Dick Frizzell's long and storied career has often been intertwined with music, and he is no stranger to creating work for New Zealand musicians, from Dragon to Human Instinct and Ticket. This year he's a finalist in the artisan awards, along with collaborator Tim Harper, for his work on a charity album called Offerings, a collection of classic hymns sung by New Zealand performers.
The album was 17 years in the making and the cover features a band playing in a circle in the middle of a suburban street. Frizzell, whose Kiwiana themes have become iconic, describes the atmosphere as "plaintive" and notes the long grass on either side of the road. The inspiration came from conversations between producer Murray Thom and Tim Harper, and Frizzell, about Salvation Army bands playing in suburban streets in decades gone by, which Frizzell had "very vivid memories of".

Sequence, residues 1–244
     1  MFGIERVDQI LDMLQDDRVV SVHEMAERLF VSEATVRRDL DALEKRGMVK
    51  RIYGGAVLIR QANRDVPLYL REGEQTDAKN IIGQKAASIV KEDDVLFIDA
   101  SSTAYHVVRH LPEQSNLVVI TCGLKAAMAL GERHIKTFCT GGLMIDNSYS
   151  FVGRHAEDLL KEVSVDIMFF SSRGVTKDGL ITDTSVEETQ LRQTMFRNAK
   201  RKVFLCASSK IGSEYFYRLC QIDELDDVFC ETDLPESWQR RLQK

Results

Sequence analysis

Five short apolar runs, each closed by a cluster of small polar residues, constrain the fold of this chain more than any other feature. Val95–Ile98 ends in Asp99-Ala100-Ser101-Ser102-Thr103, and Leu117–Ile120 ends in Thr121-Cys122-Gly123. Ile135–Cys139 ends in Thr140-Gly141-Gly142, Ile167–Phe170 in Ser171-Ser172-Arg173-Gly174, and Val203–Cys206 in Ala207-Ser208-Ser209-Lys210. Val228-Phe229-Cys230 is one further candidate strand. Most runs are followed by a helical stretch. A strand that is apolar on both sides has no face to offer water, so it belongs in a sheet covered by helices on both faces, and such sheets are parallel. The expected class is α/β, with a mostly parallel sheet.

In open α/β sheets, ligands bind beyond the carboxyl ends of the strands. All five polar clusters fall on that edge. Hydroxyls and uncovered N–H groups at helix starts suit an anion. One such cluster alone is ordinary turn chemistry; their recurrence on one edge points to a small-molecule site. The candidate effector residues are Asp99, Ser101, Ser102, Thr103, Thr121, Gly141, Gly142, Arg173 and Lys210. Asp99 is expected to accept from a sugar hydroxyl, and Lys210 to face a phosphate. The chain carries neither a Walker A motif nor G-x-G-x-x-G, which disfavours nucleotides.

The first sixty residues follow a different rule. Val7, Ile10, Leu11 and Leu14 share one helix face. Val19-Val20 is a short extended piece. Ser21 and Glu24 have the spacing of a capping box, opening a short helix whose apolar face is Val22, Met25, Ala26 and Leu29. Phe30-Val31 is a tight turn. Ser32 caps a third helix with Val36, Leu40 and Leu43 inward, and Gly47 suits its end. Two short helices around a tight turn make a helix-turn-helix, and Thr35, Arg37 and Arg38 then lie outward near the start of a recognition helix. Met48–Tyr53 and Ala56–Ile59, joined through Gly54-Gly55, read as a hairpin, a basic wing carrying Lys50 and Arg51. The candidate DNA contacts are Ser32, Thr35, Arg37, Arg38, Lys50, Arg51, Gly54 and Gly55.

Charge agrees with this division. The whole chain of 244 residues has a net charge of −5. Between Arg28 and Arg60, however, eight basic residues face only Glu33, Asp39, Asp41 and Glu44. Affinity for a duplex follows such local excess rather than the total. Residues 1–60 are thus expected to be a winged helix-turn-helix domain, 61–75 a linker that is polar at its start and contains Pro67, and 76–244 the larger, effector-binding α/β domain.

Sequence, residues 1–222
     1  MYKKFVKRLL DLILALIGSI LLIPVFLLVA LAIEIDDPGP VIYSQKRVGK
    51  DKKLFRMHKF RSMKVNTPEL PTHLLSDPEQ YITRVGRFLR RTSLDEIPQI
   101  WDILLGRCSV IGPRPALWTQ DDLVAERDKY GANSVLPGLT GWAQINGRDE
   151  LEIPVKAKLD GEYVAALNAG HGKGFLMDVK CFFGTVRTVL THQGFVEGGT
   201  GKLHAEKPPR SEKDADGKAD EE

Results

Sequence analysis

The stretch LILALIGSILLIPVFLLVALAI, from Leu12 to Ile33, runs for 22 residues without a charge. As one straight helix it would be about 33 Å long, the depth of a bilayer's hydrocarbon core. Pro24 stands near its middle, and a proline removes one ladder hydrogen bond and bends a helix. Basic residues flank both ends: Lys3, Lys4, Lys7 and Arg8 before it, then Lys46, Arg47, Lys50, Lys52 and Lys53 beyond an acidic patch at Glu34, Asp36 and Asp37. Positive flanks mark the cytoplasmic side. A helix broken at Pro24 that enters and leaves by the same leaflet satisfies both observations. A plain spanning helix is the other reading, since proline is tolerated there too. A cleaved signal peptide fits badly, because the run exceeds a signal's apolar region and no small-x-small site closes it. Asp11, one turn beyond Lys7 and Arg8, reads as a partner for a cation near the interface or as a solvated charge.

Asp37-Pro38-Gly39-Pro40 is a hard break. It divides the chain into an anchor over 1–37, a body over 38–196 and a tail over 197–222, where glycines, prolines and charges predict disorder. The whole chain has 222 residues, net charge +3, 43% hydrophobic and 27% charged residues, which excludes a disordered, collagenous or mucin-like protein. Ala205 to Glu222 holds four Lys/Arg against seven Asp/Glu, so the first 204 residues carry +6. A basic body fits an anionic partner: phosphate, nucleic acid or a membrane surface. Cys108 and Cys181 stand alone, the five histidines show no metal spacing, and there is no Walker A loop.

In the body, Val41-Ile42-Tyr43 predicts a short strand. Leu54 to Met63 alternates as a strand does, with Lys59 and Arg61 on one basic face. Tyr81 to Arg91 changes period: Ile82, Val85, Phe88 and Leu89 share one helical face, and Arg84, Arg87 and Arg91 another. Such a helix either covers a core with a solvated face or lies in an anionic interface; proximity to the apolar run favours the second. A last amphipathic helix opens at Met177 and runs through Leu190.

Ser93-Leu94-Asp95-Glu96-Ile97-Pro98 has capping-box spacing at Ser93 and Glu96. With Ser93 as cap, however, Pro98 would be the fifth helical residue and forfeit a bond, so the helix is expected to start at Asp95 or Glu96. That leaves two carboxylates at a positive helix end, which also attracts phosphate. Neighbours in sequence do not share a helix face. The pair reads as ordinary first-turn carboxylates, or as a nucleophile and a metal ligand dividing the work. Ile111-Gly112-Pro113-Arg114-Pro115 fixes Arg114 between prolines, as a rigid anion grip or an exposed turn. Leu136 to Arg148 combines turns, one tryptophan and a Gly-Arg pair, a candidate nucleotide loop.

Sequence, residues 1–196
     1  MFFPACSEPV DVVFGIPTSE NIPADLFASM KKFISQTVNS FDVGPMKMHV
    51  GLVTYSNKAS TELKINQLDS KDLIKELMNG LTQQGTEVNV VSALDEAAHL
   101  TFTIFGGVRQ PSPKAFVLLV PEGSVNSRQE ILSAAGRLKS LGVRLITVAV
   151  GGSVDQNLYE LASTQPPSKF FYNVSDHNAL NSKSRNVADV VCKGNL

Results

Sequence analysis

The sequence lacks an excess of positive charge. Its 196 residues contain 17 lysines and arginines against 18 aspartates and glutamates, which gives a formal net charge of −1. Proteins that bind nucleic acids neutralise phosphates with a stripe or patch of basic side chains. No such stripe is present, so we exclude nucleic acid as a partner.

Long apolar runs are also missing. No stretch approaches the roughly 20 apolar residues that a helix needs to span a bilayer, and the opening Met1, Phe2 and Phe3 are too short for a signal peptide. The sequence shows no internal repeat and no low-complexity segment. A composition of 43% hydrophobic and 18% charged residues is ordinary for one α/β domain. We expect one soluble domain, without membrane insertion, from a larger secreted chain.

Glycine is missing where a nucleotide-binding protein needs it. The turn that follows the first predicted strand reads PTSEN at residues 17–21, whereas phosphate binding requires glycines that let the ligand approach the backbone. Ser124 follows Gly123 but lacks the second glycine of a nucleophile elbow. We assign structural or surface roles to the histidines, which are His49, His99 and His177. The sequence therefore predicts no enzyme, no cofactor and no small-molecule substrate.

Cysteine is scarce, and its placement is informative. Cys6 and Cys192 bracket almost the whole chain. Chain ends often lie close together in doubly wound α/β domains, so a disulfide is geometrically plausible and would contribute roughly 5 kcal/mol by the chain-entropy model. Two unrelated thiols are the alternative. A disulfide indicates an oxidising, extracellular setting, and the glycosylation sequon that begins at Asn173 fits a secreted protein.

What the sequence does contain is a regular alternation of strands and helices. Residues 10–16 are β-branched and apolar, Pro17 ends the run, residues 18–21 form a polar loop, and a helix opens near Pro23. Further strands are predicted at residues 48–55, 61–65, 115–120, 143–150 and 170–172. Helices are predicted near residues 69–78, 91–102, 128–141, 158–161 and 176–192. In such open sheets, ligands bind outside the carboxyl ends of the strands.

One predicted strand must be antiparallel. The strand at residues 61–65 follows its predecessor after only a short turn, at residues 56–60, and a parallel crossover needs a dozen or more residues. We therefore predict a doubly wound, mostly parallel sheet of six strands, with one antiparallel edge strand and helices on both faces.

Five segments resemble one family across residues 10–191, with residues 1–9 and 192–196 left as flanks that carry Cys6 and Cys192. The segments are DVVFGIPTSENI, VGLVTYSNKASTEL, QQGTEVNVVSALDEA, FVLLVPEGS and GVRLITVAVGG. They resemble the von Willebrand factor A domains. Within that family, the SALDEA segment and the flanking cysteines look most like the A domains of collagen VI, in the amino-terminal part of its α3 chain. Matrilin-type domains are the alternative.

"I was going for solemn. I mean, the grey sky tinged with the evening light," Frizzell says. "There's no accidents, mate. That wonky letterbox, everything's slightly forlorn, and the boy there with the shorts, which is autobiographical - that's actually me at 10 years-old, standing right there in the middle, anchored against that circle of black-clad figures.
"I got so carried away I started painting onto this tracing paper and then it got sillier and sillier and the paper was buckling and I kept on thinking 'I should trace this on to decent paper', but I couldn't stop and yeah, it was a giddy rush that one I tell ya.
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